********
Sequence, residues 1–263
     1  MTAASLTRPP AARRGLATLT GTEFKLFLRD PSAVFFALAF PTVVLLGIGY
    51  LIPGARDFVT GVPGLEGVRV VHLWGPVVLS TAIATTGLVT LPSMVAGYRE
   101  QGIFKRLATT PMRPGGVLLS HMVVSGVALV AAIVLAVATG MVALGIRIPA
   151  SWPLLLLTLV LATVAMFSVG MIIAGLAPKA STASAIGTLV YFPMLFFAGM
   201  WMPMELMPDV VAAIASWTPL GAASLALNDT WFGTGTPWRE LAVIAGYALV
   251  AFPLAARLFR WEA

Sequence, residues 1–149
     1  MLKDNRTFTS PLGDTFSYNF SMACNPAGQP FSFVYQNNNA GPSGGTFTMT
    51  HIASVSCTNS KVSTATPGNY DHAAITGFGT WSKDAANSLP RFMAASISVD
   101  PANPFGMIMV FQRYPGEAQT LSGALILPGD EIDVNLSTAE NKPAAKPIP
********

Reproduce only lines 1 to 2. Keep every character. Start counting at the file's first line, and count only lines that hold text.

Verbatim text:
Sequence, residues 1–263
     1  MTAASLTRPP AARRGLATLT GTEFKLFLRD PSAVFFALAF PTVVLLGIGY